Most of the identified chunks were short, consisting of one or two fixations. Also, the transitions within multifixation chunks and between chunks were mostly short in distance, either loops or one-block shifts to adjacent segments. These seem to be attributable to the minimum criterion of the delimiter we employed—at least one isolate gaze point. Hence, even an accidental dislocation of one’s gaze resulted in chunking. It would be ideal if we could separate cognitively meaningful chunking from accidental chunking. Until an effective method is established, the best we can do is to be cautious in interpreting the results.

Actually, setting an appropriate criterion is a difficult task due to the possible individual and situational variations. Perhaps individuated criteria will be appropriate instead of a uniform criterion. Further investigation of the distributions of gaze points participating in fixations and those that are isolated is necessary.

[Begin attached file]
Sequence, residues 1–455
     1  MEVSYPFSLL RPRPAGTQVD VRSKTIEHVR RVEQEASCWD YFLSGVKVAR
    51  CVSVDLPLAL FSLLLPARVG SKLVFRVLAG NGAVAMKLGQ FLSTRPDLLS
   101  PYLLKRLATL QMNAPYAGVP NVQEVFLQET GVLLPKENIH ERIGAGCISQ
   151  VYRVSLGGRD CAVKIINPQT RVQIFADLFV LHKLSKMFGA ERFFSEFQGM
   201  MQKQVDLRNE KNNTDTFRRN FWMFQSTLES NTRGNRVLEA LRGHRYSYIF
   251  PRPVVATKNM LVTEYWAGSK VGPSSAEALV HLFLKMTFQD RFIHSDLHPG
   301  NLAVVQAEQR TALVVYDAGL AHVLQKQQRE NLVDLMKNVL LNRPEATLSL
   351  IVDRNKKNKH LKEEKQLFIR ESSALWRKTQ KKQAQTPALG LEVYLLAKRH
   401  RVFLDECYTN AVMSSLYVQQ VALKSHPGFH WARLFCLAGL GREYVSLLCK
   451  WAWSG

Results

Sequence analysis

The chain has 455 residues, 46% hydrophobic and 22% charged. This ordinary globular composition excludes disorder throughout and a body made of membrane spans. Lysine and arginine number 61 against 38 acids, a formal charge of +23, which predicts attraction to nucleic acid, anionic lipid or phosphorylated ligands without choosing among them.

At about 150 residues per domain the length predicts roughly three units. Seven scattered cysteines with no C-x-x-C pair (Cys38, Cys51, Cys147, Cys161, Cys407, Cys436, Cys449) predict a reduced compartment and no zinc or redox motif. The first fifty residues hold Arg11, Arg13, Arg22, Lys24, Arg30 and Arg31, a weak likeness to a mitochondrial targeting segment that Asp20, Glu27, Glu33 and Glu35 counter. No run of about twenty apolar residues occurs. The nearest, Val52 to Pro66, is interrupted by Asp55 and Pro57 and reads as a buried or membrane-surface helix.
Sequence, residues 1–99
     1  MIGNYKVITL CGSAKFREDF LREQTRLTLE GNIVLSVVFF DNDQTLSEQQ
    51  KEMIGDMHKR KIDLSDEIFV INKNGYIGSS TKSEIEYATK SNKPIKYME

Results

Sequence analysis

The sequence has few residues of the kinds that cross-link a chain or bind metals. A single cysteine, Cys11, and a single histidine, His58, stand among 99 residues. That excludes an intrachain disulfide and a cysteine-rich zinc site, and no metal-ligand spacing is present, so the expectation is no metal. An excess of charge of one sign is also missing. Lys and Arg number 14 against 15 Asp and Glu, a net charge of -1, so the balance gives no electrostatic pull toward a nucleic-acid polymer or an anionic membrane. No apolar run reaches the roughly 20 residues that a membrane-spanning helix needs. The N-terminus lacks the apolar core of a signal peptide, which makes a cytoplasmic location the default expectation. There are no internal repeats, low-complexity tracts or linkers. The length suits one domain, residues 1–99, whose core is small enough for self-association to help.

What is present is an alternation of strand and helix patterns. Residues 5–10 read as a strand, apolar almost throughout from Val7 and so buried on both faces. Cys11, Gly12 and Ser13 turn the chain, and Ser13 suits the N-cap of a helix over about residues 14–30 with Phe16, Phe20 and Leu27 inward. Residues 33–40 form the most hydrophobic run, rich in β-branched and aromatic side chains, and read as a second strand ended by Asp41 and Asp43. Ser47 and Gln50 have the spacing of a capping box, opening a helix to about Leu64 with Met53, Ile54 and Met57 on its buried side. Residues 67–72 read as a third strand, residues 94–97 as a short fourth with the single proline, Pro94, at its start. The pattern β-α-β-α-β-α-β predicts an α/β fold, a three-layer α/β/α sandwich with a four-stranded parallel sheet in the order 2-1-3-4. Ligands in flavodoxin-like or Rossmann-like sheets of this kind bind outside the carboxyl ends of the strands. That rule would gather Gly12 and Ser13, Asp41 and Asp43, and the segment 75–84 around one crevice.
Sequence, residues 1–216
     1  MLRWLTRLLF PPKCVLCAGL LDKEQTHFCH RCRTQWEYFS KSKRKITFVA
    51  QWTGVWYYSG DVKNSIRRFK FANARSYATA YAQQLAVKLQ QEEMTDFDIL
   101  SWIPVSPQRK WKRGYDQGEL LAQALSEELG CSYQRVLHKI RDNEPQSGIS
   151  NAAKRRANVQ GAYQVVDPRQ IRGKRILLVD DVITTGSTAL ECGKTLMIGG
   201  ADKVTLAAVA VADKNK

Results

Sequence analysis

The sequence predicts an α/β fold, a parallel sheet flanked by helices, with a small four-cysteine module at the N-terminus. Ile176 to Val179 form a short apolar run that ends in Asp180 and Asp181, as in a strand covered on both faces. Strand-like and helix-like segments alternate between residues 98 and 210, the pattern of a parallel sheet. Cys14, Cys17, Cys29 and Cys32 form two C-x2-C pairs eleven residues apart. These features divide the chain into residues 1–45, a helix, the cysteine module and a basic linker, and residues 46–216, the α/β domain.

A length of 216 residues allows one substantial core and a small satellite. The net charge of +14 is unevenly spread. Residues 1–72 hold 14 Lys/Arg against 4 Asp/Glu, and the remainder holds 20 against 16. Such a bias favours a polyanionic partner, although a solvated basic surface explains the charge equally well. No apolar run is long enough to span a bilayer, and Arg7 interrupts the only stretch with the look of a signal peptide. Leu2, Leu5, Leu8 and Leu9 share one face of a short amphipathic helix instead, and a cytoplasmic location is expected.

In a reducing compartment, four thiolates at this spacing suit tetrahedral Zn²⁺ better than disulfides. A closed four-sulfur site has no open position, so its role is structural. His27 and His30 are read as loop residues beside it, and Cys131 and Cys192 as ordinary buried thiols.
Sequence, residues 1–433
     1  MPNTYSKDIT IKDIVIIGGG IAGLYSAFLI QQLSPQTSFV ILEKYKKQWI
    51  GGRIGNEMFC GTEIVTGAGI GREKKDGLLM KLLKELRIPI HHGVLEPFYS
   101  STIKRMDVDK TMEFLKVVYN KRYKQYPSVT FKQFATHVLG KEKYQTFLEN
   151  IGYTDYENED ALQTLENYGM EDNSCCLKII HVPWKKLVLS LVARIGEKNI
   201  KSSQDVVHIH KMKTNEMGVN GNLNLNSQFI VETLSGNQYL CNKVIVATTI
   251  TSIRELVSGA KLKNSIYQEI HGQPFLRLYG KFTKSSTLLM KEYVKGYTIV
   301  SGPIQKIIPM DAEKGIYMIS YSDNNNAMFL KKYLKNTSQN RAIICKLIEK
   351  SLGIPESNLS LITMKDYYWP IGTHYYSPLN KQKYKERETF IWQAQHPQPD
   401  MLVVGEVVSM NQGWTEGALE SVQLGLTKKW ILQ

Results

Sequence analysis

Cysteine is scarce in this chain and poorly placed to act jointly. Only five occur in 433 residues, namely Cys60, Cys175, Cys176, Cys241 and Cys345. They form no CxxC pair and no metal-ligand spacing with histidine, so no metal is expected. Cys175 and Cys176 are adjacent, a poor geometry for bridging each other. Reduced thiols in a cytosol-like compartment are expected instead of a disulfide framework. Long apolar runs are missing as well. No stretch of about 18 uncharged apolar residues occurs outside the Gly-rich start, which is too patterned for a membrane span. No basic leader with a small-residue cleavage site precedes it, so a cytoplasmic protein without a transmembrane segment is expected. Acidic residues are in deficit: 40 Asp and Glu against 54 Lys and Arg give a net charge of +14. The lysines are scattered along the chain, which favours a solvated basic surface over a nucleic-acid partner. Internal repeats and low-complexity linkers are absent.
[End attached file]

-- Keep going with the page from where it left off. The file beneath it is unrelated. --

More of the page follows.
As reported earlier, within- and between-chunk transitions were similar in that the first two modal distances were zero (i.e., loops) and one block. However, these differed in order and in magnitude. Loops were primary among within-chunk transitions but secondary among between-chunk transitions. The opposite was true for the one-block shifts. Next, the proportions of the primary and secondary distances of the within-chunk transitions exceeded the respective proportions pertaining to the between-chunk transitions. Similarly, there were more long-distance shifts between chunks than within them.

These results seem to suggest that the attention of our subjects was most likely shifted, after a pause, to an adjacent segment one block away or within the same segment. The medium or long-distance shifts were also separated by pauses, though their proportions were smaller than the short ones. Shifts without a pause, that is, within-chunk shifts, were short, chiefly occurring in the same segment or between adjacent segments one block away.